The American media storm: Why a family sold its newspaper after 56 years
To fully grasp the tumult in American media, you need just look at the video of a proud man in front of a basement printing press that’s been his community’s lifeblood.
“Google, YouTube and Facebook have taken the heart out of all the advertising, and not just the national advertising,” says Marty Weybret, who exited Monday as longtime publisher of the family-owned Lodi News-Sentinel in California’s Central Valley.
How will quality local news really survive, wonders a man whose family owned the paper since 1959, absent people doing something they are currently disinclined to do: pay for it?
His own ambiguity about what’s ahead prompted him to just sell the 10,600-circulation daily (actually five days a week, Tuesday through Saturday) founded in 1881 and bought in 1959 by his father, Fred, he said.
The deal didn’t make news like Verizon buying AOL for $4.4 billion or Charter Communications buying Time Warner Cable for nearly $56 billion.
In fact, Google it and you won’t find many mentions beyond a press release and short story in the paper itself. He won’t disclose the price or purchasers’ identities due to a non-disclosure agreement. But he said the publisher will be Canadian newspaper executive Steven Malkowich, who will run it through a newly-constituted entity called Central Valley News-Sentinel Inc.
In this video interview with Weybret by the Central Valley Business Times provides a fascinating reality check for those immersed in big city media or a burgeoning online world where private equity kingpins funnel giant sums to new favorites like BuzzFeed, Gawker and Vox.
Often lost in the discussion of revolutionary change, and Facebook deals with the likes of the New York Times and BBC, is the fate of little guys who have been integral to the civic life of smaller-town America.
Weybret is understated as he underscores the frustrations of recent years as change hit the newspaper and the community. He’s simply not sure where this all ends.
As recently as 1990 the paper had a circulation of 18,000, he said. It was one of two family-owned dailies in California’s Central Valley, he said, along with the Bakersfield Californian.
The 32-page and 24-page papers of old are gone. Until 2007, “the business model worked great, an old business model that Dad never questioned. Then, suddenly, it was broken.”
“Who has the model for the 21st Century so the news industry can survive?” asked Weybret, standing by the presses in the basement of the one-story building that’s a stone’s throw from City Hall and police headquarters in downtown Lodi “The truth is there isn’t a working business model. It’s broken.”
“If Americans don’t realize the need for subscription fees, they will lose a lot of news. Nobody to cover the school board or other events.”
If there’s increasing reliance on citizens to essentially get their own news, he wonders, how exactly will they come to terms with complex issues?
“Are we doomed? Not tomorrow. Is it irreparable? A person of faith has to say there’s an answer.”
The path to survival, he said, is pretty clear: Citizens must be “willing to pay a subscription fees to read the news online. The free news is doomed.”
How much should they pay? Maybe eight, nine or ten bucks a month, he suggests.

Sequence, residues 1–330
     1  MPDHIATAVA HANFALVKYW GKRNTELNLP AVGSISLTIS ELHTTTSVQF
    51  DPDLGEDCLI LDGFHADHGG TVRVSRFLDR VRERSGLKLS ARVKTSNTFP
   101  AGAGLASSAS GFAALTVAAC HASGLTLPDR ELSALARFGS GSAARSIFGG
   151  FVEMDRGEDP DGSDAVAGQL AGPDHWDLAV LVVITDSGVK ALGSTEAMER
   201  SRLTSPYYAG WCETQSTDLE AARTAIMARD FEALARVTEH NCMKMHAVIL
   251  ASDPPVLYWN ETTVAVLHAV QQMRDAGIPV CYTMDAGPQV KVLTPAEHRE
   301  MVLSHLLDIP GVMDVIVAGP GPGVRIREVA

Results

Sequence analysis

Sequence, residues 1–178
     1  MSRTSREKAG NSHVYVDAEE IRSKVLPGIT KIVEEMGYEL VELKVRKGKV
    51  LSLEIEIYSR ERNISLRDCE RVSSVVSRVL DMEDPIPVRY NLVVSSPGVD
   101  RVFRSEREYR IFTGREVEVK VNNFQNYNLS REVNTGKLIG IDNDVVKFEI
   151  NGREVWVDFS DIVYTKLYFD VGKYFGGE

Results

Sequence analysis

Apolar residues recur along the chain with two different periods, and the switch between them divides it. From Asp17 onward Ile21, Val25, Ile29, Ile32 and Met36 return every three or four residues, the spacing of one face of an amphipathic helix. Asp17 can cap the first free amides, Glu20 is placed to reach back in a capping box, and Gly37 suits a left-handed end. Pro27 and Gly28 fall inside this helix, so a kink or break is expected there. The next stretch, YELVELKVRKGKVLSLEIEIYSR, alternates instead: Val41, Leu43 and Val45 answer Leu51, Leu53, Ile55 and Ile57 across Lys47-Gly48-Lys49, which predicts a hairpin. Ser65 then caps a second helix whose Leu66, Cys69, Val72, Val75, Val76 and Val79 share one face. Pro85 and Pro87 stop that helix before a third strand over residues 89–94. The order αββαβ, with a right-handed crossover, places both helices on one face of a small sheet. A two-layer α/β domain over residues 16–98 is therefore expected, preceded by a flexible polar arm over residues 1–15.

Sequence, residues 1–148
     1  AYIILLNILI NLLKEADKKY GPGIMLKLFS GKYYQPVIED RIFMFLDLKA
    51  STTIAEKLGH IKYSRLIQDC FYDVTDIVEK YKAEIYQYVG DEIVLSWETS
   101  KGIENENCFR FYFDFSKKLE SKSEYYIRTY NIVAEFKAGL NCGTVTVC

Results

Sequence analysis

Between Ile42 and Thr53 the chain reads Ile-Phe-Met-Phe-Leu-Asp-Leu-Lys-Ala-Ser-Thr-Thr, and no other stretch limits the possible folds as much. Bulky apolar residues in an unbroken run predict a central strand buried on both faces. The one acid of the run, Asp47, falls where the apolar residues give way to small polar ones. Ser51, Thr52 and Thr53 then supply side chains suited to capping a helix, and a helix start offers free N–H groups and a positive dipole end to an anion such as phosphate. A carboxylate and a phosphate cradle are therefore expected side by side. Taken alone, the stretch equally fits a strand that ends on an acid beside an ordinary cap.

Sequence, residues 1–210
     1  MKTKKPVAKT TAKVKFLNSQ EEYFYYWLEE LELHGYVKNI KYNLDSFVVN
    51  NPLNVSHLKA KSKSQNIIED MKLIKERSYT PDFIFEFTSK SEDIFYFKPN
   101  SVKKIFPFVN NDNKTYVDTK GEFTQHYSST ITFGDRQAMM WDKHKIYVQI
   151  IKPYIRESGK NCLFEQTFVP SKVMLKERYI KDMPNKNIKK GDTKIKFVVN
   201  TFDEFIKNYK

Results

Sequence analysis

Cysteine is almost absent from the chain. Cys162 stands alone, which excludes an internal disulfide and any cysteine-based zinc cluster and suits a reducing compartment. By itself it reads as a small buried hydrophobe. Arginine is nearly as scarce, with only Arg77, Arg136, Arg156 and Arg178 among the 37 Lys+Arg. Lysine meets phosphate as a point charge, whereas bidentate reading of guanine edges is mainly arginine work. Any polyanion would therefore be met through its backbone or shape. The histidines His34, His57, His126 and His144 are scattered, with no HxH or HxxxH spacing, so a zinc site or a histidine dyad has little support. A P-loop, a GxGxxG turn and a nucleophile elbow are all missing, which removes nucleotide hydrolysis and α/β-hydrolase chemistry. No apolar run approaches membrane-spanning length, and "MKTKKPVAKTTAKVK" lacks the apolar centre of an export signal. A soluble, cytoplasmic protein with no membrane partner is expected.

“Newspaper readers are a minority in society now. I think because Facebook is more fascinating, TV drama is more engaging. Going online, people can fill their entertainment hours with entertainment of their choosing. They’re not willing to invest in an act of being told by an editor what to read or what is important.”
He cited a brief uptick in local news consumption in towns and cities hit by huge stories, such as the racially tinged strife in Ferguson, Mo.
“You can’t have a crisis or a riot every week to spur interest in what’s going on,” he said.
“I really do hope people will wake up to the value of the news and understand it can’t be free,” he said, then speaking of the industry’s decline as part and parcel of a greater challenge for local communities.
“If people in Lodi really value the community feel, the idea they know the local business owners, that they are closely connected to the local leadership, they need to be willing to shop in the smaller stores, get to know the shopkeepers. Shop local.”
He doesn’t begrudge Target and Wal-Mart and their low prices. But if citizens can just somehow support local retailers, those are the same businesses that will support local schools and the local charities, he says.
Douglas Caldwell, editor and publisher of the online Central Valley Business Times, conducted the interview and later praised Weybret to me for running a solid paper and being active in the community.
“It may not win a Pulitzer but it covered the school board, the county supervisors, the city council and the big industry (wine). It has not ignored the community.”
The initial responses to the sale from people with whom he’s spoken, Caldwell said, reflect anxiety about what’s down the road. He’s frustrated in that he’s been stymied in finding out details about the new ownership group.
Regardless, he’s left with the belief that “anytime a local business is swallowed up by a chain or outside owner not involved in the community, the community loses something. It’s like a flavor taken out of the stew. You might not be able to figure out exactly what flavor. But you know you’re missing something.”
Near the end of the interview, he asked Weybret about any counsel he had for the community. Weybret noted the increasing concentration of retailing and summed up matters succinctly:
“Shop local and read the local paper.”